“If you had one shot, or one opportunity. To seize everything you ever wanted in one moment. Would you capture it or just let it slip?”
Lose Yourself – Eminem
Taking that shot at starting a business feels like jumping off a ski jump- you know should be able to land but it will require luck and skill. I started my first business with my friend Bob Roback twenty years ago with an idea. We fundamentally believed that the computer was going to be the way people consumed and discovered music. We created a prototype using the cutting edge technology available to us in 1994 to create a monthly CD-ROM that people played on their computer. It was called LAUNCH and was described as an “MTV that you could control.”
We landed well, though it was never easy. LAUNCH Media became a successful internet company that we eventually sold to Yahoo! in 2001. But, I made a lot of mistakes along the way. Unfortunately, there is no way to go to school to be a great entrepreneur. Experience is the only teacher and you don’t know what you don’t know when you start a company for the first time.
Here are some lessons that I learned along the way. Just because they worked for me doesn’t mean they will always work but I wish had understood these better before I started:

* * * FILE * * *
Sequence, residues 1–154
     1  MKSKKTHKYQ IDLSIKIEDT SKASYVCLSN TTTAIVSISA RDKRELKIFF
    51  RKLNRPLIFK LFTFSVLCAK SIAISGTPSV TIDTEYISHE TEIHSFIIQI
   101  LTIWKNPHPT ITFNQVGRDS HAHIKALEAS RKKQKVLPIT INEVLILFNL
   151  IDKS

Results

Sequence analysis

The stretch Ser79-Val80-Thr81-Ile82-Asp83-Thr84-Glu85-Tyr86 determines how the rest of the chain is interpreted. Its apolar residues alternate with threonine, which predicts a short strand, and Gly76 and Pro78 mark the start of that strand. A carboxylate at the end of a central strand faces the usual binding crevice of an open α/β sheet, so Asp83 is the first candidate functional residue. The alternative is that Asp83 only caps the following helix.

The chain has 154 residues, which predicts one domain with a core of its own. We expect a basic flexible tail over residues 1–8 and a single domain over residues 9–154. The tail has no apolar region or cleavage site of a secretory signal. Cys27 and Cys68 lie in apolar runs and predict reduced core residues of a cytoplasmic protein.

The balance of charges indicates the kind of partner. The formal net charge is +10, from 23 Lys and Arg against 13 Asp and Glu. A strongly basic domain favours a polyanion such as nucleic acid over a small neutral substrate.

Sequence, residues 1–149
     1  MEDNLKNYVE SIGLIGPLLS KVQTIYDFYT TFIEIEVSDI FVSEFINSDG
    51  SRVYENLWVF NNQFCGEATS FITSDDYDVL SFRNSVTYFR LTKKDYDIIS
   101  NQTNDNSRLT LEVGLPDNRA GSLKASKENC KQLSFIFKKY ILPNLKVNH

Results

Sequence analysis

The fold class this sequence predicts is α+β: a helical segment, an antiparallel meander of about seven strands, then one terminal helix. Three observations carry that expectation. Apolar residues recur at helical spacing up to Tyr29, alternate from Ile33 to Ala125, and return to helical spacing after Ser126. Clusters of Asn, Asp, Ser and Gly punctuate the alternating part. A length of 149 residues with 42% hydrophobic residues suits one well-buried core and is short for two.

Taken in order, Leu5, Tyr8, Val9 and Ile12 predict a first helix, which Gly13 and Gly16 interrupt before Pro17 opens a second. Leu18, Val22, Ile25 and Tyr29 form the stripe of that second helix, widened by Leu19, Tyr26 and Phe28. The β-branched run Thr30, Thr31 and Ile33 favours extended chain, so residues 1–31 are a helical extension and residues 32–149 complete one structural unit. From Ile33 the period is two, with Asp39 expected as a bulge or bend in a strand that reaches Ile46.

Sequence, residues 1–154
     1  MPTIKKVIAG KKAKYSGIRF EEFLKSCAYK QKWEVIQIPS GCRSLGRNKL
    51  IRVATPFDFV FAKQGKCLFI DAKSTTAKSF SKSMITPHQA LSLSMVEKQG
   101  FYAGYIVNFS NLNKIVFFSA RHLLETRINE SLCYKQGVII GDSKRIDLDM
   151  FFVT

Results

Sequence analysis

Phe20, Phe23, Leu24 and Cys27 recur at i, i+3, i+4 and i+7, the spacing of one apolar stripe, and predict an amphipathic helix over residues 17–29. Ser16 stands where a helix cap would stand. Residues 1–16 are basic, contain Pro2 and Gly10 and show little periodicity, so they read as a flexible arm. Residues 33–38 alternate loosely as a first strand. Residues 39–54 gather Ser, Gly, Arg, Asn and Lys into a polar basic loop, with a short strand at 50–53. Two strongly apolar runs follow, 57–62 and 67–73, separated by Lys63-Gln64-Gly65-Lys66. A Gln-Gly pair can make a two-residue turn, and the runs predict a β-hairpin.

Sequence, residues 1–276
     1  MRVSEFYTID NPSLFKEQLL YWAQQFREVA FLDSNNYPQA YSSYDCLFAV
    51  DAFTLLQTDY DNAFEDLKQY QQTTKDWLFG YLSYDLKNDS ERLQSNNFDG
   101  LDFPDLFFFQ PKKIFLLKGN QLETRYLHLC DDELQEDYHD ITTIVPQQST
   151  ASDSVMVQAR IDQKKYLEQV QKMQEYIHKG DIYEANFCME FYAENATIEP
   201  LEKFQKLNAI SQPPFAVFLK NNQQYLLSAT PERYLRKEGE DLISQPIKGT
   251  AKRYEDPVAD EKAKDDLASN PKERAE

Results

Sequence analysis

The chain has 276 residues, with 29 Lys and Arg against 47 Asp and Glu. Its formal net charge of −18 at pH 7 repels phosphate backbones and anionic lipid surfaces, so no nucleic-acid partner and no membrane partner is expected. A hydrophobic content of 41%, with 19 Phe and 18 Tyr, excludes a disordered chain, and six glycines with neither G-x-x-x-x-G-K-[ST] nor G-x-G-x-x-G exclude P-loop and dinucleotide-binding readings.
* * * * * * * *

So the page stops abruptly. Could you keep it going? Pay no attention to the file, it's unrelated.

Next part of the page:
1. Play to your personal strengths. Aggressively and honestly identify your own weaknesses and supplement accordingly. Staff your team with people smarter and more knowledgeable than you are in those areas. This will let you focus your skills and expertise where they can have the most impact. I have learned what I am good at, and what I like to do; they are highly correlated. Correspondingly, hiring people to do the things you aren’t good at and don’t like will make you better at your role. (I recommend the book StrengthsFinder if you need help figuring out your strengths, but you could also do a quick survey of your peers, colleagues and family.)
2. Talk to people. Don’t fall into the trap of operating in stealth mode – your connections to others will be critical to success. Build a support structure including people who have been there and done it. There’s a pay-it-forward mentality among most entrepreneurs. Take advantage of it. Secrecy has some advantages but most ideas aren’t what make businesses successful – it is execution. To be a great executor, you need to get a lot of help and advice. That is worth the trade off on secrecy.
3. Listen to doubters. If for no other reason than to be able to prove them wrong! Your detractors can be blessings in disguise: they are an unlikely source of inspiration and motivation, and they just might speak some truth. Listen carefully, take what you can use and leave what you can’t. I still remember all the people who told me that no one would ever listen to music or watch ads on a computer.
4. Start now! There are many reasons for not starting a business. The media constantly reminds us of the high taxes, increased regulations and other impediments to starting businesses today. Ignore them. With the support systems in place for entrepreneurs, and the availability of talent and capital, there’s never been a better time to start a business. When I started, I didn’t know anyone else who had started a business and the support systems were immature or non-existent.
So get moving and take that one shot. It’ll be the best decision you make.